A couple pushes the boundaries of local materials and methodologies to create a new design language.
“The way we work together is like a ping-pong game,” says Sojung Lee, 36, about her partnership with Sangjoon Kwak, 35, in the Seoul-based OBBA (Office for Beyond Boundaries Architecture). “Instead of saying, ‘This is my work, and this is yours,’ one person will have an idea, then bounce it to the other. By doing that, we develop the idea and make it more concrete.” Unlike other architectural duos, where each partner brings his or her expertise to the union— the aesthete and the engineer, the designer and the businessman, the theorist and the realist—Lee and Kwak’s strength is in their cooperation.
The couple’s collaboration began at MASS Studies, a firm founded by Minsuk Cho in Seoul. (Cho’s former firm, Cho Slade Architecture of New York, was a Design Vanguard winner in 2000.) The two worked together on several MASS Studies projects and shared their frustration when those projects did not get built. In 2012, Lee was offered a commission while still working at MASS Studies. She asked Kwak, who had recently left the firm, to join her on the job, and OBBA was founded. The partners set up an office space in a soon-to-be-demolished building adjacent to the project site.
Lee and Kwak’s business partnership soon morphed into a romantic partnership. This was a risky move, Lee admits, as the end to one relationship might mean the end to the other. That didn’t happen, and one year after OBBA was founded, the workmates got married.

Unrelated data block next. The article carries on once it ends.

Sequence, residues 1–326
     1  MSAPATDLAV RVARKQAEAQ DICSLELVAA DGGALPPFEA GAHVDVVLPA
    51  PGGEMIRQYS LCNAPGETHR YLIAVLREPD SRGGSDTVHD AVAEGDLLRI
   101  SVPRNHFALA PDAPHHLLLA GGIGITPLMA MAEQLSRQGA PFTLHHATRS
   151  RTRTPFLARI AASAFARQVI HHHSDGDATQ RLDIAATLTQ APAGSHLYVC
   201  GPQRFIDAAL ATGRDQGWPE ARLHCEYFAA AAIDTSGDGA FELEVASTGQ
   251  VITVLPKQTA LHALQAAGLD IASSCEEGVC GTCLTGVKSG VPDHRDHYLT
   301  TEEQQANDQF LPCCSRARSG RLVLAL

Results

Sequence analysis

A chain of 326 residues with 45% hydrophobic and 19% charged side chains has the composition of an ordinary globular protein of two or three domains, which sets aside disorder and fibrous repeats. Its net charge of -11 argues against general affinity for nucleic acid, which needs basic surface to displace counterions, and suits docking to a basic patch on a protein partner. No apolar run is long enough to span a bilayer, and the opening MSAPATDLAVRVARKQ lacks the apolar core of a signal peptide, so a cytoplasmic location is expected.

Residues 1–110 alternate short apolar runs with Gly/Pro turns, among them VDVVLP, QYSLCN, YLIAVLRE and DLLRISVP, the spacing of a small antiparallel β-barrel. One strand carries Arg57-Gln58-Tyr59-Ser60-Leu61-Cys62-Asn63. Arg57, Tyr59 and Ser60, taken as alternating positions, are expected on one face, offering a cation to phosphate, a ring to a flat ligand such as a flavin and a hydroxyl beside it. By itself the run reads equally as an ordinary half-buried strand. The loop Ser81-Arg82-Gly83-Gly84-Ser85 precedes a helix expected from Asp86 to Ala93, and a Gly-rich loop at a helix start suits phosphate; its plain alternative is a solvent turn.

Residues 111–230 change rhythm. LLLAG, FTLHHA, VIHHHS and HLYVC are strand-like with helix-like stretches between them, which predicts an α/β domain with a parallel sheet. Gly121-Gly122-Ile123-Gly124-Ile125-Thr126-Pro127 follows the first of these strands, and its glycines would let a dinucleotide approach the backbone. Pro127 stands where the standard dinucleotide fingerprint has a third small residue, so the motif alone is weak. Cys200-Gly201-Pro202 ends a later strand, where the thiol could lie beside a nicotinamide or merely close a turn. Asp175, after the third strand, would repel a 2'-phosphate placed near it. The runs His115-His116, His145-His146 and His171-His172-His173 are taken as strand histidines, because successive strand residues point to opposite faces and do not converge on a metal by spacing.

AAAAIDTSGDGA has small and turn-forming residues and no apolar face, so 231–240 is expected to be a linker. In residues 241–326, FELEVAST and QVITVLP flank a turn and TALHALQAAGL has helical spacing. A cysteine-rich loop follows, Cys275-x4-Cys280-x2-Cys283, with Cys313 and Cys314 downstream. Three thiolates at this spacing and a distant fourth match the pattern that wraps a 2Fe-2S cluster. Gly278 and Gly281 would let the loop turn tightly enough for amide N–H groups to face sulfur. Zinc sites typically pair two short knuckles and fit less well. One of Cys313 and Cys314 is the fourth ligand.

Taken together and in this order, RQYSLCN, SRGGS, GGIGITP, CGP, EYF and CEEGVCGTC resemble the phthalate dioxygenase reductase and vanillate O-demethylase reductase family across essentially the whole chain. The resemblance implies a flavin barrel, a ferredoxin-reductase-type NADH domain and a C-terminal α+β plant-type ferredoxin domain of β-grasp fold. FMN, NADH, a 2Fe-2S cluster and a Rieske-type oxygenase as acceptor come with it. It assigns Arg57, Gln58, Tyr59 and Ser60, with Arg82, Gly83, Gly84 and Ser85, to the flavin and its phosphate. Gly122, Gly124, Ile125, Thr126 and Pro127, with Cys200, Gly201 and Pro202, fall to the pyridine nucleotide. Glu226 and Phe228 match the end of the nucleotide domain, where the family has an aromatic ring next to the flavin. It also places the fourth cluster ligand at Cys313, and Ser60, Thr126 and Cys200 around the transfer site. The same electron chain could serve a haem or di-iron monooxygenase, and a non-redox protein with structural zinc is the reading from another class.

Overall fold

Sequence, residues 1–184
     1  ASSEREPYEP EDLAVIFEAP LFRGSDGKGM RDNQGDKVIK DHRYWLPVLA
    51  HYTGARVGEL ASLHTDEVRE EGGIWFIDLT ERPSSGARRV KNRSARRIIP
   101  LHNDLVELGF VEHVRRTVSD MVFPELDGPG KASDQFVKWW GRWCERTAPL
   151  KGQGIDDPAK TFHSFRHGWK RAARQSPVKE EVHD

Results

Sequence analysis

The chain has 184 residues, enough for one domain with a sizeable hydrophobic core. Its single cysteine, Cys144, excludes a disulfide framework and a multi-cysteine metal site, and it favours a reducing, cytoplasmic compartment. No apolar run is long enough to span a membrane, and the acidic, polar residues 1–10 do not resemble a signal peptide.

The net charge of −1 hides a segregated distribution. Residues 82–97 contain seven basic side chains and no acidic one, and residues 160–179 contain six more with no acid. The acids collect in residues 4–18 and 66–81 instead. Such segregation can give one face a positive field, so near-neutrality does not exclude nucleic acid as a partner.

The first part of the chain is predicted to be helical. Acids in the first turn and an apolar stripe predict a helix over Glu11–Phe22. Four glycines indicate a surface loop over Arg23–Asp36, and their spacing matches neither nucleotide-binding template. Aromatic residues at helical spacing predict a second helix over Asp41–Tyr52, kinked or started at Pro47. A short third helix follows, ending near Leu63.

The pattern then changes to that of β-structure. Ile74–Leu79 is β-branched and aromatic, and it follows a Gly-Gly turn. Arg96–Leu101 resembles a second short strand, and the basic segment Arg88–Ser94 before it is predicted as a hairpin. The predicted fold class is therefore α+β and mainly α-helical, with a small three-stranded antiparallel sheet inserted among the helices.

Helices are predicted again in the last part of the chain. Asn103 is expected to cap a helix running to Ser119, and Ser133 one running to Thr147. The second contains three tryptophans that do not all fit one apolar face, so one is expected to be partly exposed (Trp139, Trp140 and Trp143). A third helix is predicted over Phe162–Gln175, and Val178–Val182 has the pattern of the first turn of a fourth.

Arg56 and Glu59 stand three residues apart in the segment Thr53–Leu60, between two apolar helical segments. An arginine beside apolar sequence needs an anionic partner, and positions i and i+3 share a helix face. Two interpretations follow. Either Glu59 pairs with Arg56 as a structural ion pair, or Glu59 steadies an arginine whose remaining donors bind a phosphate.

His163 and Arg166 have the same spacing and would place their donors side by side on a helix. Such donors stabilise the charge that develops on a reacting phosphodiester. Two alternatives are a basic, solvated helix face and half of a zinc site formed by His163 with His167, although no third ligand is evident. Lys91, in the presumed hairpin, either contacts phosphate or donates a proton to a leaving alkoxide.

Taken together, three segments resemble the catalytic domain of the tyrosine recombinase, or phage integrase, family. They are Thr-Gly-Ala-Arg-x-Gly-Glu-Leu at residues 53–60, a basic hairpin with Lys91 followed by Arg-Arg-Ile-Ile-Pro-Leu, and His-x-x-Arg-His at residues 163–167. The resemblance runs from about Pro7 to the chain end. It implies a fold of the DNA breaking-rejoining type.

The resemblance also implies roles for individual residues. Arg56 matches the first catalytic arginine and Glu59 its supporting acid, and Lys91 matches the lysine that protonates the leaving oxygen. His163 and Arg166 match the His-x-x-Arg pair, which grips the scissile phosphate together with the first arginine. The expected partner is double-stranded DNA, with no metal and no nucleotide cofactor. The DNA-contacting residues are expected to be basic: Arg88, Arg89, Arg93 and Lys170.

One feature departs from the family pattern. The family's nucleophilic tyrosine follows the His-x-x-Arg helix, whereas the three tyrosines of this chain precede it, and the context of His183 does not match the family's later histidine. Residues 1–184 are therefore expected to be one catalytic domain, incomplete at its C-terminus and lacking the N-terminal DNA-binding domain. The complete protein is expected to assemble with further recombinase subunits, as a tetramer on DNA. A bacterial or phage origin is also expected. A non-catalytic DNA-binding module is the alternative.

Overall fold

OBBA’s work in and around Seoul exhibits its local influence. Residential projects with austere brick walls and minimal fenestration may appear to Americans as severe, but, more accurately, this housing is a reflection of both the commonness of brick construction in Korea and local residents’ specific sense of privacy. Lee contrasts Korean housing with what she saw in the Netherlands, where she worked for OMA. There, houses had big openings onto the street, and the Dutch didn’t seem to care if people looked inside. In Korea, people do care, and OBBA’s work reflects this.
But it would be simplistic to say that OBBA merely responds to local precedents. Instead, the partners push themselves to work with new materials and new methodologies. Take, for example, OBBA’s first project, Beyond the Screen, a multifamily apartment building in a dense urban neighborhood. The architects used an openwork brick wall to screen a circulation/activity space from onlookers. But this element also serves as an attraction and a light source when viewed from the interior, and as camouflage for air-conditioning units when seen from the street.
In its first three years, OBBA has focused on housing. Lee says she would like to add cultural buildings and other programs to her firm’s repertoire, yet she does not want to expand the office to do so. OBBA now has two fresh-out-of-school employees who join the two partners in the conversations that drive the work. But the firm has no immediate plans to grow any larger. There are only so many places at the ping-pong table.
DESIGN STAFF: 4
PRINCIPALS: Sojung Lee, Sangjoon Kwak
EDUCATION: Lee: University of Pennsylvania, M.Arch., 2008; Ewha Womans University, B.A., 2002; Kwak: Yonsei University, B.S., 2006
WORK HISTORY: Lee: MASS Studies, 2009–12; OMA (Rotterdam), 2008–09; OMA (Rotterdam), 2006–07; Kwak: MASS Studies, 2010–12; Space YEON Architects, 2006–10
KEY COMPLETED PROJECTS: The Oasis, Yongin-si, Korea, 2015; Open & Closed, Seoul, 2015; 50m2 House, Seoul, 2015; Beyond the Screen, Seoul, 2013
Key Current PROJECTS: The Layers, Ganghwa-do, Korea, 2015; G House, Gyeonggi-do, Korea, 2016; HWN HQ, Seoul, 2016; Four Little Houses, Seoul, 2016; RK Tower, Seoul, 2017.